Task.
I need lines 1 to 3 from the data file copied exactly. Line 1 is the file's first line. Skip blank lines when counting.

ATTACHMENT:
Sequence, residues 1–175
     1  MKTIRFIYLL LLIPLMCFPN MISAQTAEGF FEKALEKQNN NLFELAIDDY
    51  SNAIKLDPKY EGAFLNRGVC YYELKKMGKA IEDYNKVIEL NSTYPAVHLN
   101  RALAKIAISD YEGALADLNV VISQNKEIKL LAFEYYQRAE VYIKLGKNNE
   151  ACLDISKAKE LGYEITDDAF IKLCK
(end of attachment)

Sequence, residues 1–175
     1  MKTIRFIYLL LLIPLMCFPN MISAQTAEGF FEKALEKQNN NLFELAIDDY
    51  SNAIKLDPKY EGAFLNRGVC YYELKKMGKA IEDYNKVIEL NSTYPAVHLN